Practical Microservices Testing Strategies
Apr 13, 2020 | By Saurabh Deshpande
As we migrated from a monolithic to a microservices architecture, we made substantial changes to the tooling and processes to support multiple high-quality software releases per day
At FloQast, we started off with a monolithic software architecture, but as the number of products and scrum teams grew, we started transitioning to a microservices-based architecture. Initially, during this transition, we continued to utilize the single-shared QA Environment (a holdover from monolith deploy period) for end-to-end testing prior to deployment to production. As the number of microservices grew, we started to encounter bottlenecks in our QA environment — bugs found in the QA environment resulted in few hours delay due to fix-deploy-verify cycle and held up upcoming releases for same or dependent services. This was primarily because it was the first time the services were deployed in a production-like environment that contained other services and exposed to more realistic test data.
To resolve this bottleneck, we relooked at the whole release process, infrastructure, and tooling and made a few improvements, shown in the above picture and described below:
Introduced local dev environments
As most of our microservices are Dockerized and run in a Docker container, our Dev Team utilized Docker Compose to build local dev environments containing a majority of our microservices. For services utilizing AWS Services (Lambda etc.), we utilized local testing tools provided by AWS such as SAM local. This allowed devs to test their code changes locally in an integrated way before creating pull requests.
Built AWS test environments per Scrum team
At FloQast we are all in on AWS and the DevOps team at FloQast had already started terraforming all AWS infrastructure as code. For teams that were encountering bottlenecks in the shared QA environment, DevOps created production-like environments using Terraform. To keep costs in control, we built these environments with only the subset of services needed for each team and utilized lower-instance sizes compared to production. Then, we set up Jenkins-scheduled jobs to keep the services updated on a daily basis with the branch deployed in production.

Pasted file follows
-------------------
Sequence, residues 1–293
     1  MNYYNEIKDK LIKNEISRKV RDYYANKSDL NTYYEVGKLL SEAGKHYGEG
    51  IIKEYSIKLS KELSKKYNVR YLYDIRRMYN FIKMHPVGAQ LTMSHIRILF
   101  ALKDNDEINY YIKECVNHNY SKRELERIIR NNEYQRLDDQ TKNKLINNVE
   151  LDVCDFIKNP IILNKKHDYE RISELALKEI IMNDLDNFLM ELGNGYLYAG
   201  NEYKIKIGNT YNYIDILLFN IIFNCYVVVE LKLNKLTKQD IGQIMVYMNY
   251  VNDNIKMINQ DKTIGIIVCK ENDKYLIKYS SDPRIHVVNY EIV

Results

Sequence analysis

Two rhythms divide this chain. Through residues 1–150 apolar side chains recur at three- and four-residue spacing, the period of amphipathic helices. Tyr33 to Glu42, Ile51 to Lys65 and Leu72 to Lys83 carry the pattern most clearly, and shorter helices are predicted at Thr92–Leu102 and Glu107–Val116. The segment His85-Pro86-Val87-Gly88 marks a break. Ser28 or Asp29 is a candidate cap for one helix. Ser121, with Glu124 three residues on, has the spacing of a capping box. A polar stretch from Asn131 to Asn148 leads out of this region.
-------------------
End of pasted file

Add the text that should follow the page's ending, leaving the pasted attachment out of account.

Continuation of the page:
Configuring UI/API Tests to run in multiple environments
After we had these per-team-test environments, we modified our UI/API Test configurations so they could successfully run against multiple-team environments. This involved figuring out a reliable way to populate and maintain test data in multiple environments.
Optimizing the test stage of each microservice’s CI/CD pipeline
Microservices are supposed to be independently deployable and testable. So, we looked at each microservice’s functionality and selected tests from our main UI/API test automation suite that apply to the specific microservice under test. This further reduced the feedback cycle for bug detection in test environments.
Over the past two years, as we put these changes in place, we observed a significant drop in bottlenecks in the shared QA environment and gradually went from a weekly release cycle prior to May 2018 to deploying code over five times a day in March 2020 (see pic below).
To derive full business value from a microservices migration, take a close look at all the stages of your software release process. Some areas to explore include introducing local dev environments, building per-team, cloud-based test environments, and adjusting UI/API test automation. These changes take time, but once done, you start to reap the rewards of multiple high quality releases per day!